Infrastructure Revolution

With numerous mega projects, Turkey is seeking to become one of the world’s top 10 economies.

Turkey, which aims to become one of the leading 10 economies of the world in a short time span, is carrying out a series of massive infrastructure and groundwork projects, each worth billions of dollars.

With nearly $200 billion investments over the past 15 years, Turkey is undergoing a quantum transformation.

Work has finished on several major construction projects, such as Marmaray, Ankara-Istanbul High Speed Train, and the Yavuz Sultan Selim Bridge, the Osman Gazi Bridge which will be the third bridge spanning the Bosphorus and linking the Asian and European continents.

Construction is continuing on a third international airport for Istanbul, the Istanbul-Izmir Highway, the Kars-Baku-Tbilisi Railroad, the three-story Grand Istanbul Tunnel Project. These are located along the main arteries of Istanbul-Ankara-Izmir, connecting the country’s industrial, commercial, trade and tourism regions and linking them to the world. Just as there are continuing major energy projects, including the nuclear power plant on the Mediterranean coast.

The Third Bosphorus Bridge

This is the world’s longest, widest and tallest rail and road suspension bridge combined. It will span the Bosphorus, a 30 km (20 mile) waterway which snakes through Istanbul, Turkey’s largest city, and separates the European and Asian continents.

Asia and Europe were first connected in Istanbul in 1973 with the opening of the Bosphorus Bridge. The Fatih Sultan Mehmet Bridge was constructed in 1988. The foundation for the third bridge over Istanbul’s Bosphorus, was laid on May 29, 2013, the 560th anniversary of the Turkish conquest of the city. Soon to open, the new bridge is named after Yavuz Sultan Selim, the ninth sultan of the Ottoman Empire and grandson of Fatih Sultan Mehmet, the conqueror of Istanbul.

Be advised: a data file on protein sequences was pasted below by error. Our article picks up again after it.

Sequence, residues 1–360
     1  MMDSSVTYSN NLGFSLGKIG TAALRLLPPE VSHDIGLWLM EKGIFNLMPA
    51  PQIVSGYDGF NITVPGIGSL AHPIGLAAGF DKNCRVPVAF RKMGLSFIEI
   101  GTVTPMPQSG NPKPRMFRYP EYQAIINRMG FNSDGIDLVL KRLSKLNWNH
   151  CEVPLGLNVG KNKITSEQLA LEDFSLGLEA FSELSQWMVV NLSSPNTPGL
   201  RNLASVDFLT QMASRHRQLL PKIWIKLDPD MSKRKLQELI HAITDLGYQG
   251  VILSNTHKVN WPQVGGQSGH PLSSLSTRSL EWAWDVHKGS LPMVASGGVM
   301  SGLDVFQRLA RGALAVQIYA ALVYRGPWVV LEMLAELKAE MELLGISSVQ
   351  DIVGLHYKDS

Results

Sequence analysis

Led by mainly Turkish engineers, an army of workers constructed the bridge in only three years. An engineering and high technology masterpiece, the Yavuz Sultan Selim Bridge has four motorway lanes and one railway line running in each direction and operating at the same level.

The Yavuz Sultan Selim Bridge has set numerous global records for a combined rail and road suspension bridge. The 1,875 meter (3,281-foot) bridge is the world’s longest. It has the world’s widest deck at 59 meters (183 feet). Its main span (distance between the two towers) is 1,408 meters (4,619 feet), another world record. At 320 meters( 1,050 feet), its twin towers are the world’s highest for a combined suspension bridge.

Third Airport

Under construction on European side of the city near the Black Sea coast, Istanbul’s Third International Airport will have a capacity to serve 150 million passengers a year, once all the stages of construction have been completed. It will surpass Atlanta International Airport, which handled 101 million travelers, as the world’s biggest airport in terms of passengers served. Once fully completed, the airport will have 1.5 million square meters (16.146 square feet) of enclosed space, 165 passenger bridges, four separate terminal buildings connected by rail, three technical blocks, and eight air traffic control towers, six runways suitable for every type of aircraft 16 taxi routes, park capacity for 500 jetliners and 6.5 million square meters (64.584 million square feet) of aprons, and affiliated buildings.